Buyer's guide: second-hand Volkswagen Touran
Hunting for a classy mid-sized seven-seater? Everything you need to know is right hereThe Volkswagen Touran is one of those do-it-all cars. It’s not so big that you feel all self-conscious and wasteful if you’re driving in it alone. Equally, it’ll take seven adults at one sitting – and even leave space in its boot for them to take a coat and a snack for the journey.
By now, there are upwards of a half a dozen cars from different makes that do pretty much what a Touran will do. Volkswagen was, however among the first to market and remains one of the handiest and easiest to live with. They’ve pushed on during its six years on sale, improving the car’s looks, upping its standard equipment and increasing its cleverness.
So even though a new-generation Touran is on its way, it’ll not show up here until late in 2010 – meaning there’s plenty of life remaining in the original. And, given that Volkswagen tends to allow cars to ‘evolve’ rather than bang in with radically different designs, buying the current car makes a deal of sense.
Here’s the motors.co.uk guide to the hows, whys and wherefores of buying this hugely popular small bus.
How much should I pay?
You’ll need at least £5000. That buys one of the first Tourans, a 2004-registered, 04-plate with a 1.6-litre petrol engine and ‘S’-level trim, which is the entry model. It’ll have done about 60,000 miles since new. Spend about £8000 and you’ll see a diesel-engined Touran on your drive. It will probably be one with the 1.9 105bhp PD engine.
Add a couple of thousands to your budget and you’ll have enough for a 2.0 140bhp diesel with SE or even sport trim. It will be a couple of years old and, for your £10,000, should have covered no more than 30,000 miles.
About £12,000 is enough to get a 1.9 diesel SE that's less than a year old, with fewer than 10,000 miles showing.
Which model is best?
All have central locking, electric front windows and mirrors, six airbags and anti-lock braking. The entry-level S model also has a CD/radio and height and reach adjustable steering and driver’s seat. The SE model adds better cabin trim and seat cloth, a front passenger’s seat that folds flat, body-coloured door handles and silver-coloured roof rails. Sport models have special front seats, climate controlled air conditioning as standard, lowered suspension and weather-wrapped steering wheel rim and gearshift.
The Touran underwent a mild facelift in 2006, giving it new headlamps and a chromed grilled, new rear lamps, and alloy wheels as standard on all.
Pick between 1.4 turbocharged, and 1.6-litre and 2.0 regular petrol engines, or 1.9 diesel (in versions offering 90bhp and 105bhp) or a 2.0 diesel producing 138bhp. Most Tourans you’ll find for sale have the 1.9 diesel delivering 105bhp. It’s the most economical, returning up to 47mpg overall, and has ample low revs power, which suits the car well. The 1.6 petrol feels breathless when the car’s loaded and slurps fuel: don’t ever expect more than 35mpg and much less whenever in town.
How much do they cost to run?
Depreciation – the difference in value between when you buy a car and when you sell – is motoring’s biggest single cost. Happily, Volkswagen’s classy image and the Touran’s tough build means that they lose value more slowly than most of their competitors. Low insurance groups –between 6 and 9, depending on money and the option of extended service intervals (where the car decides when it’s time for an oil change and tells you) keep bills low. National parts cost surveys show that Tourans are middling: not the cheapest, but not as expensive as some folk seem to think Volkswagens should be.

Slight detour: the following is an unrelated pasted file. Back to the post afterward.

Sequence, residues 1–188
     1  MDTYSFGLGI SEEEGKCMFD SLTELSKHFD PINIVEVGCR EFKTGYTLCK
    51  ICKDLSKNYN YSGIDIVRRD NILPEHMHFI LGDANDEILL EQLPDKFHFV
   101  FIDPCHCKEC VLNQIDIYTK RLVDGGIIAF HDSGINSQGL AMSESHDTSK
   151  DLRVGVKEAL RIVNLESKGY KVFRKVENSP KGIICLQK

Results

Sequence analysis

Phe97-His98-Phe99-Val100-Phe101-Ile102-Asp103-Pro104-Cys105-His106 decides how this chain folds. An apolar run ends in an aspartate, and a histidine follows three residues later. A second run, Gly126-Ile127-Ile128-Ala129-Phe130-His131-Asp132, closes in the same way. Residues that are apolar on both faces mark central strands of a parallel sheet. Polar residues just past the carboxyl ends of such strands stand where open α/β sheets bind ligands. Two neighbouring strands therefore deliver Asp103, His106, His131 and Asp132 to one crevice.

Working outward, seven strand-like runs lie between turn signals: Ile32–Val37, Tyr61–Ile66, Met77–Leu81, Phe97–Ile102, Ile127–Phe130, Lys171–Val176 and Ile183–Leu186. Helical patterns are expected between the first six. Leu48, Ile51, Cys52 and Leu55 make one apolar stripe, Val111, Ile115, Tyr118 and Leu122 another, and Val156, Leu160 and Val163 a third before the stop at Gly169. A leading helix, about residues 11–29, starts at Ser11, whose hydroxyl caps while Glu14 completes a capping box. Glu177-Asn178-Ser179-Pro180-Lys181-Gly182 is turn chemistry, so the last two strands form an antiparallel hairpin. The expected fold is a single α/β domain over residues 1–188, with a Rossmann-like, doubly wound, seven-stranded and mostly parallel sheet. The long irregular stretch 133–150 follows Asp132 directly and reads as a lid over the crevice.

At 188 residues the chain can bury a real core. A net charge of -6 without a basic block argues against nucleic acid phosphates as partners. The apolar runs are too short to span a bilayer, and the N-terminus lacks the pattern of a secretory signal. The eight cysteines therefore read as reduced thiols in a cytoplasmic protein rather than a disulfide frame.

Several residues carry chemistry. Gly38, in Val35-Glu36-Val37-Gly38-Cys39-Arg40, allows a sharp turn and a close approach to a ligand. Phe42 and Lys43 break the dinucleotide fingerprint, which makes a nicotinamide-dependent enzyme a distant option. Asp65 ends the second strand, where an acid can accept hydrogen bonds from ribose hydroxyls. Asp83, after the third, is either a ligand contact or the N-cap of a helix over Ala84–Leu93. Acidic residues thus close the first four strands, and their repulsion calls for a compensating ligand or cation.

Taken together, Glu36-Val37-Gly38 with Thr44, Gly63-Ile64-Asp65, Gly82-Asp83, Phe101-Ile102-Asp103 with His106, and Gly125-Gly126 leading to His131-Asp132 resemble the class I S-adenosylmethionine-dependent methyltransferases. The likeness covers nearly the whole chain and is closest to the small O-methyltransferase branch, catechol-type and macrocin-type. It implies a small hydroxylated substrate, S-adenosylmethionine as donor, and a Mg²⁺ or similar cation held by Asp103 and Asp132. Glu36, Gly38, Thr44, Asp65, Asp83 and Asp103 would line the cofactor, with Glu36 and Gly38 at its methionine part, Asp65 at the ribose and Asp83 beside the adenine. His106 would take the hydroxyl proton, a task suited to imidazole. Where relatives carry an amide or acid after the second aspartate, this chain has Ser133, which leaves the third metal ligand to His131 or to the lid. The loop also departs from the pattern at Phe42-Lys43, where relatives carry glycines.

As cars able to ferry around seven adults go, Tourans are economical with fuel. The 105bhp, 1.9 diesel mentioned above is the best all-rounder, although if you want a real sipper, go for the Bluemotion mode. Launched only last year, this improves overall consumption to 52.7mpg for that model by adding easy-roll tyres, taller gear ratios and lowered suspension to the standard 1.9 diesel S or SE. These are scarce second-hand and so attract a price premium, though.
What’s the best place to buy one?
We’d go to a main dealer. Prices we’ve seen look reasonable and their stock of cars is usually spot-on. They also provide an Approved Used Scheme, which promises a pre-sale safety check, at least a year’s warranty plus roadside assistance. What’s more, if the car you buy develops a fault within the first 30 days that you own it, they’ll swap it for another if the fault can’t be put right.
If you want the newest car for the least cash, car supermarkets are worth a look. Note though that with most the aftersales care won’t be up to what you’d expect from a main dealer and any specific warranty will be basic – and may only last for a month or two after purchase.
What should I watch for?
Older Tourans may only have five seats. Until 2005, the third row of seats that drop into the boot were an extra on cheaper models. It follows that seven-seat Tourans are the ones to have, and cost more, so know which you are buying, and decide. Be aware, too, that the 1.9 diesel comes in 90bhp or 105bhp versions – we’d go for the more powerful one.
Some owners report running Tourans to big mileages without them needing more than routine servicing and new tyres and brakes. Others report clutches wearing out unexpectedly early and also the pump for the anti-lock braking system can fail early on. To be safe, an aftermarket warranty may be a wise buy.
To view and buy new and second-hand Volkswagen Tourans, click on motors.co.uk